Delirium tremens, commonly abbreviated to DTs, is the severest form of alcohol withdrawal that can be fatal if untreated.
What Is Delirium Tremens?
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Delirium tremens present almost exclusively in those with a history of chronic alcohol abuse. Delirium tremens also occurs more frequently among individuals with past presentations of severe withdrawal symptoms during detoxification.
Oftentimes, DTs manifest in the aftermath of a prolonged period of heavy drinking.
The symptoms of delirium tremens vary from those that present during alcohol withdrawal and unfold over a different timeline. The withdrawal symptoms associated with alcohol detox progress gradually, in some cases developing into DTs.
Delirium Tremens Symptoms
In most cases, delirium tremens has a similar presentation and a similar timeline. Some symptoms of delirium tremens are short-lived while others linger for longer.
Look out for the following symptoms of DTs:
- Rapid muscle tremors
- Excessive perspiration
- Irregular heartbeat
How long does delirium tremens last, then?
To illustrate what happens in the event of delirium tremens, we’ll outline a standard alcohol withdrawal timeline. This will enable you to place DTs in perspective on a broader timeline.
Most alcohol withdrawal symptoms first present from six to twelve hours after your last alcoholic drink. Symptoms can be categorized in four distinct stages, although not everyone will experience all stages or symptoms of withdrawal.
Alcohol withdrawal: stage 1
The first symptoms of alcohol withdrawal are relatively mild and include:
- Appetite loss
- Irregular heart rate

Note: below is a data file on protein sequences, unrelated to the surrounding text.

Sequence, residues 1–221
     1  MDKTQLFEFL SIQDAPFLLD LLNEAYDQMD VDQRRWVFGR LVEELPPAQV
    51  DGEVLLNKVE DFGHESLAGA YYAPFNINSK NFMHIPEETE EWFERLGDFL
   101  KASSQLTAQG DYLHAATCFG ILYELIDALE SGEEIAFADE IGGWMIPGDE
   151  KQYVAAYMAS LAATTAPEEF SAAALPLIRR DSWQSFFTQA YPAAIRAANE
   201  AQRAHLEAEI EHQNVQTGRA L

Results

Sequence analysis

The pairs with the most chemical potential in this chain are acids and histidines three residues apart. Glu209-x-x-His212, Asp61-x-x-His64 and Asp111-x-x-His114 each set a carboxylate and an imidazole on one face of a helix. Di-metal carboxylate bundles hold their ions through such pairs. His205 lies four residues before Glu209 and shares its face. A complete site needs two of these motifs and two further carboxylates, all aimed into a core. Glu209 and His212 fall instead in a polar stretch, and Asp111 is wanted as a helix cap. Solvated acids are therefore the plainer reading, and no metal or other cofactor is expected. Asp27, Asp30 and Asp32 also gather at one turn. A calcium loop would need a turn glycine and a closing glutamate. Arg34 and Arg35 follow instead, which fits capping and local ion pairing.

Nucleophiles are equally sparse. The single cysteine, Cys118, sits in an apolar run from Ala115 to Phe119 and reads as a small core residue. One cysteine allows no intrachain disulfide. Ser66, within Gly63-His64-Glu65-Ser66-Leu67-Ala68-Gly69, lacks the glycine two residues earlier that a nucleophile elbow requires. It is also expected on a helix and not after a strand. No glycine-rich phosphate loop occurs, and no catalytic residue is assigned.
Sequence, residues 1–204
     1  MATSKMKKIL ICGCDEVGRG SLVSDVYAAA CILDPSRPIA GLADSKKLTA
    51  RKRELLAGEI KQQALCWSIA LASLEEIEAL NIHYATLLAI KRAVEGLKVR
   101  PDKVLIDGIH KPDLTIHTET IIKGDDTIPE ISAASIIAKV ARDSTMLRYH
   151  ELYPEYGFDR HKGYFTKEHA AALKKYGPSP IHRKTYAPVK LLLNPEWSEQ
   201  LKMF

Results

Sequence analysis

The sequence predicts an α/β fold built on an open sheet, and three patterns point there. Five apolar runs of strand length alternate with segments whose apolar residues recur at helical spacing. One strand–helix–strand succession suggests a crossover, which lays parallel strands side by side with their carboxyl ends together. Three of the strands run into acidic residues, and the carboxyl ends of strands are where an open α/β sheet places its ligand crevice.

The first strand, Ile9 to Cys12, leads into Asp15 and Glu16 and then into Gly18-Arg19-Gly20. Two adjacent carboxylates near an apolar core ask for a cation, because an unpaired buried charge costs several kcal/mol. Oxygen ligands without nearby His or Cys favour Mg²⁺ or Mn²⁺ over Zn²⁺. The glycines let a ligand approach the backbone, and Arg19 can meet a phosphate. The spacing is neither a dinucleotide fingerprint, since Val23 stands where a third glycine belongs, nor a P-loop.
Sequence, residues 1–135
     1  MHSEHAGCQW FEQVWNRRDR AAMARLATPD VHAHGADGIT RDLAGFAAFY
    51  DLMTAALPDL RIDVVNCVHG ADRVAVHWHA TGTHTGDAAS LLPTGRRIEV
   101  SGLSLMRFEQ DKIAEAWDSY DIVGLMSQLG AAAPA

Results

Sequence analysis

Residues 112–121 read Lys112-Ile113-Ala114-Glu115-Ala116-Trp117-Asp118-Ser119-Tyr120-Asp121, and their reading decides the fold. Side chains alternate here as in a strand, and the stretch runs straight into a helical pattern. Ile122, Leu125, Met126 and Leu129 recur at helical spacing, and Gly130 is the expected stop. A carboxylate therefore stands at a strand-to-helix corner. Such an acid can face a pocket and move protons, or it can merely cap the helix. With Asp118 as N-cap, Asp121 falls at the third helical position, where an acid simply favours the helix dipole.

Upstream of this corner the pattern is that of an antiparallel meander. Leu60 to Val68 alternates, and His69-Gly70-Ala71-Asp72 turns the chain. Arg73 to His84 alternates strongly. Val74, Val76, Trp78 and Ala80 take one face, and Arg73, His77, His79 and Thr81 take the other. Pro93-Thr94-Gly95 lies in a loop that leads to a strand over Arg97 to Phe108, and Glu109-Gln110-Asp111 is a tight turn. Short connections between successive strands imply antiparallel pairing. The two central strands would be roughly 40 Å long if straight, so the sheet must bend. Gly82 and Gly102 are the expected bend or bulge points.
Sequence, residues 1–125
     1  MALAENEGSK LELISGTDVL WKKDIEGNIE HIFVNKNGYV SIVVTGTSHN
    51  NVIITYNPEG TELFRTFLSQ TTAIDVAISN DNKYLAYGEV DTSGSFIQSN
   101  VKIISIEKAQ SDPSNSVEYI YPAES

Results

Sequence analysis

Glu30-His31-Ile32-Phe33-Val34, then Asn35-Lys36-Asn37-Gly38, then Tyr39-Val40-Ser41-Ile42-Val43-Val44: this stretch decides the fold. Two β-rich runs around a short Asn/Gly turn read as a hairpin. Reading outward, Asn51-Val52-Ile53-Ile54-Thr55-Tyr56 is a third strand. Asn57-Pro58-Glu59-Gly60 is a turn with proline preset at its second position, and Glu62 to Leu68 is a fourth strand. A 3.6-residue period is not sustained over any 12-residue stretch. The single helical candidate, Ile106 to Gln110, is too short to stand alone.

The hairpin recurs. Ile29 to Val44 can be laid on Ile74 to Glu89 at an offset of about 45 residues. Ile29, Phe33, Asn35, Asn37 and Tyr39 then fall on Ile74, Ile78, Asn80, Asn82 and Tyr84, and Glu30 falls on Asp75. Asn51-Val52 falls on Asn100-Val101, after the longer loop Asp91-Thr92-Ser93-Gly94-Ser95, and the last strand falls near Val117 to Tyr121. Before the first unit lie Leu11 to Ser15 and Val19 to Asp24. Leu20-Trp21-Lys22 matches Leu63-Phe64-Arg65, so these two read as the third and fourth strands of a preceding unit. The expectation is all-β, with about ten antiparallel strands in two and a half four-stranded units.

- Increased heart rate
Alcohol withdrawal: stage 2
Some people detoxing from alcohol will experience hallucinations during the first 24 hours of sobriety. If hallucinations occur, they should subside within 48 hours of your last alcoholic drink.
Alcohol withdrawal: stage 3
If seizures accompany alcohol detox, these usually occur during the first two days after your last alcoholic drink.
Alcohol withdrawal: stage 4
At any stage on the second or third day of alcohol withdrawal, the symptoms of DTs can manifest.
Delirium tremens symptoms will typically peak after five days, dissipating after about a week.
Delirium Tremens Symptoms
For most people who experience delirium tremens, the symptoms appear and subside within the first 96 hours of sobriety.
Rarely, the symptoms of DTs only manifest after a week or so of sobriety.
When the symptoms of delirium tremens present, they usually worsen quite quickly.
Standard DTs symptoms are as follows:
- Rapid mood changes
- Heightened sensitivity to light
- Spikes in energy levels
- Altered cognitive functioning
Seizures are one of the most severe and potentially life-threatening symptoms of DTs. Sometimes, seizures can occur without the presentation of any other delirium tremens symptoms.
Seizures associated with delirium tremens are grand-mal seizures that occur more frequently in those with a history of unsuccessful alcohol withdrawal attempts.